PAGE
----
The main purpose of the previously reported techniques using agar was to hold small or slender specimens in place without moving in the cassette or leaping away from the cassette during routine tissue processing. Those methods also made it easier to embed the tissue in accurate plane or to keep a proper orientation in small or slender specimens.14 15 Thus, the application of agar in tissue preparation has been limited to relatively small tissues so far. Now, we report a new double embedding technique for large ESD specimens using agarose. When various embedding media such as various types of agarose, various types of agar and gelatin were tested for comparison, agarose with a high gel strength was considered to be the best as a medium for the first-step embedding.

Materials and methods

Specimens and handling procedure

Early gastric cancer tissues were obtained by the ESD procedure and pinned on the cork board. Then, they were immersed in the formalin solution for fixation. The formalin-fixed tissues (figure 1A) were set in the plastic dishes of a suitable size (figure 1B). After dissolution with water using a microwave oven and cooling down to around 50°C, embedding medium was poured into the plastic dishes to cover the tissues (first embedding). When the embedding medium hardened, the tissues covered with the medium were removed from the plastic dishes. Then, unnecessary portions of the medium were trimmed off (figure 1C) and cut with 2–3 mm intervals perpendicular to the surface (figure 1D). The cut specimens were laid down with 90° rotation (figure 1E) and placed in plastic cassettes (figure 1F). After compressing them lightly with sponge piece, the tissues were processed to dehydration, xylene penetration, paraffin infiltration and paraffin embedding (second embedding, figure 1G). Sections were made by cutting paraffin blocks with a microtome.

Figure 1

Double embedding technique using 2% Agaraose MP for an endoscopic submucosal dissection (ESD) specimen. (A) Formalin-fixed ESD specimen of the stomach which had been pinned onto the cork board. (B) ESD specimen set in a plastic dish. (C) Tissue unified with agarose after extra-agarose portions were trimmed off. (D) Multiple cut specimens with medium. (E) Laid down specimens with 90° rotation. (F) Multiple cut specimens set in plastic cassettes. (G) Paraffin blocks of the multiple cut specimens. The scale bar on the right upper corner of each part means 1 cm length.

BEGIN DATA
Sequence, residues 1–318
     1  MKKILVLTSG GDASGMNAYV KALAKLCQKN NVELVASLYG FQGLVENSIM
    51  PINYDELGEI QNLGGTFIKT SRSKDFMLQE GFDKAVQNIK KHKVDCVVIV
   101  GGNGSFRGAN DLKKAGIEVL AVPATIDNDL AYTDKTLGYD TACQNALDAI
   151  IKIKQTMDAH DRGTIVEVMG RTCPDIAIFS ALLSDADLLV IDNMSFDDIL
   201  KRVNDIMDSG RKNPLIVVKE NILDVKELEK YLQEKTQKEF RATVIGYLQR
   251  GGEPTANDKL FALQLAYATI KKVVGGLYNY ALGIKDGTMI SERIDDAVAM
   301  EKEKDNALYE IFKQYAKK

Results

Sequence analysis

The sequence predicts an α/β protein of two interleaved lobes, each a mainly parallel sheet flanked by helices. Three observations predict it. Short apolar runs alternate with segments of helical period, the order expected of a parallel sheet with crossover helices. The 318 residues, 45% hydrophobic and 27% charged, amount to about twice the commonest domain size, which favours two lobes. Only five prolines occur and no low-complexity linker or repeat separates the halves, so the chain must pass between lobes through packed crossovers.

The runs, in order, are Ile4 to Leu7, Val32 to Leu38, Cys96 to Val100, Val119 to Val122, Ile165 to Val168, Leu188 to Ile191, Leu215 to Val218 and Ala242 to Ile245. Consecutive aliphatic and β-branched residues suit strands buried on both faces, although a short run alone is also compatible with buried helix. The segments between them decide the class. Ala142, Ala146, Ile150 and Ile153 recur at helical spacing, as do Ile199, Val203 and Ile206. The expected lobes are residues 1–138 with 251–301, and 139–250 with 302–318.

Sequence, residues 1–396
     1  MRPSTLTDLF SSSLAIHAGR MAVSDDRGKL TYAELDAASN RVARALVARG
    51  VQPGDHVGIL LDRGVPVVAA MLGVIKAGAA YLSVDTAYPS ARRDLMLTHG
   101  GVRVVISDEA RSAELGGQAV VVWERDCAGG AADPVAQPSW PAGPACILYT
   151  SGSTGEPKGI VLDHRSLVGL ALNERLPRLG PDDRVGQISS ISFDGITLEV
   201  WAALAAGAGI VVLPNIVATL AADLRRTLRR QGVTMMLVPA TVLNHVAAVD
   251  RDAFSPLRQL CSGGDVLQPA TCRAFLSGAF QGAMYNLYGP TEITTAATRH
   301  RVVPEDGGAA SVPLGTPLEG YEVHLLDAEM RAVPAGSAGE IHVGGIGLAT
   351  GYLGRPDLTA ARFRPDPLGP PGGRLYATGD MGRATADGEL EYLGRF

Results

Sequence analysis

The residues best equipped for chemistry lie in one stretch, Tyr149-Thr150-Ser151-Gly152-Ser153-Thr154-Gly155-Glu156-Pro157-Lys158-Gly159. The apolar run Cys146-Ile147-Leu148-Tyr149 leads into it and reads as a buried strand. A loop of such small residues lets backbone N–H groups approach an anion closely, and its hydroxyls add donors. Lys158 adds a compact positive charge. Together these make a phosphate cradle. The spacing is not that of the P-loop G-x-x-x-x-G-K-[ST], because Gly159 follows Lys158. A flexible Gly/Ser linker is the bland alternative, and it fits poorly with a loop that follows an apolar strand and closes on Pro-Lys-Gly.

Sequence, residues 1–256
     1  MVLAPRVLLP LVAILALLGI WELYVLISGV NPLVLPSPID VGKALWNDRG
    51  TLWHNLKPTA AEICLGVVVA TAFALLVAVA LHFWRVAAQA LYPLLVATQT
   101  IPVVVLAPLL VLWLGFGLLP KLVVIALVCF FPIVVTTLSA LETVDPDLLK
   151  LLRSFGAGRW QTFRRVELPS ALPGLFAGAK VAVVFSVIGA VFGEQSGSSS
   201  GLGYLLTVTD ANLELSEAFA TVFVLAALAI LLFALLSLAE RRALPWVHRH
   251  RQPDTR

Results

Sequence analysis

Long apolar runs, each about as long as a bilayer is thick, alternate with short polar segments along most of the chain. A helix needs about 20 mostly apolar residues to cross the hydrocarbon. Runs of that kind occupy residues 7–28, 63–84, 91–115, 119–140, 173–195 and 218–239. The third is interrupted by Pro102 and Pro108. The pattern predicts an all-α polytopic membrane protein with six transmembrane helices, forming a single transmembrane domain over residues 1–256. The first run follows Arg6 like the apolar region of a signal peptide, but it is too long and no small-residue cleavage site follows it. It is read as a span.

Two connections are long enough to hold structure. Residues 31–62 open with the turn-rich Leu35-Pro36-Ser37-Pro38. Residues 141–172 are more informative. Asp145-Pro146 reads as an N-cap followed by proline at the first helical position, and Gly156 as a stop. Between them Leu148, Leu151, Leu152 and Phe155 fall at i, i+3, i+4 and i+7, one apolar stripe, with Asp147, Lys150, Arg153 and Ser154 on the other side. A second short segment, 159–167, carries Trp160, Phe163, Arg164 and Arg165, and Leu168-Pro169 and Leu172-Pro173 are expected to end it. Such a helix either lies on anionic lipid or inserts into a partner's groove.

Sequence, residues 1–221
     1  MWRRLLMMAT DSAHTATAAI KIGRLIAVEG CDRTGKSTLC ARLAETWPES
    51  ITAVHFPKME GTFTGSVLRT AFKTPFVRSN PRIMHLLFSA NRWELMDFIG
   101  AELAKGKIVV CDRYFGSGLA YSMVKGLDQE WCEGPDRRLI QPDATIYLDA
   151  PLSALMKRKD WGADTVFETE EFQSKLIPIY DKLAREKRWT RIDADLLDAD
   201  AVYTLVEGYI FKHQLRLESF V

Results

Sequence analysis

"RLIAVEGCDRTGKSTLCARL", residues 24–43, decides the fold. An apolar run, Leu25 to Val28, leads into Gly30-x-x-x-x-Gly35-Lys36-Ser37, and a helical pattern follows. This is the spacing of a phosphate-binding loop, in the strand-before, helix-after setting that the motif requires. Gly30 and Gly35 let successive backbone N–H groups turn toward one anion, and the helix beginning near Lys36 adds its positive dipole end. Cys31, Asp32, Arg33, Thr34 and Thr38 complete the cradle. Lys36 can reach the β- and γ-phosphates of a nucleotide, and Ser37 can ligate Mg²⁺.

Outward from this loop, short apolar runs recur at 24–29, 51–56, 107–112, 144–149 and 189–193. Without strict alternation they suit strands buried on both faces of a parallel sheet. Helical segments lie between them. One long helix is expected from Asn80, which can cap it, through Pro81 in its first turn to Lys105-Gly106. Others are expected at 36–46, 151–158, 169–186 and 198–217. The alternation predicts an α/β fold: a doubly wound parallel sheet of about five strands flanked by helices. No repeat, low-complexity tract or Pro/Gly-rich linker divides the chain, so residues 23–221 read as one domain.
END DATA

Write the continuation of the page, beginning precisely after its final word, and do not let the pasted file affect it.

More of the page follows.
Media used for first embedding

We assessed various media (six types of agarose, six types of agar and one type of gelatin) listed in table 1 for first embedding. The concentration of the media was optimised at 2% after the preliminary examination.

Table 1

List of the embedding media

Various stainings, immunohistochemistry and evaluation of stainability

The sections were stained with H&E, Alcian blue, elastica van Gieson (EVG), periodic acid–Schiff (PAS), Victoria blue with haematoxylin–eosin (VBHE), Giemsa and Masson's trichrome. Immunohistochemistry for α-smooth muscle actin (DAKO, Glostrup, Denmark) and D2-40 (DAKO) was also performed, since these two antibodies are often used for diagnosis of ESD specimens with early gastric cancers. The concentration of the antibodies used was 1:100 dilution for α-smooth muscle actin and 1:50 dilution for D2-40, and ChemMate Envision Kit/HRP (DAB) System (DAKO) was used for the detection. The following graded system was employed for evaluation of the stainability of the media when observed by microscopy: – when the medium was completely invisible; ± when it was faintly visible; + when it was visible and similarly stained as compared with the adjacent gastric tissue; and ++ when it was visible and more strongly stained than the adjacent gastric tissue.

Questionnaire on handleability and/or impression on various tissue-processing steps for pathology technicians

The questionnaire included six items concerning embedding, sectioning and staining listed in box 1. A five-point graded system compared with an ordinary method (score 3) was used, and eight technicians in our department answered the questions.

Box 1 Questionnaire about handleability and/or impression on various tissue processing steps

  1. Questions on the embedding procedure

    • Q1. Time consumption for embedding

      • 1. long

      • 2. slightly long

      • 3. similar

      • 4. slightly short

      • 5. short

    • Q2. Accuracy of tissue alignment on embedding

      • 1. bad

      • 2. slightly bad

      • 3. similar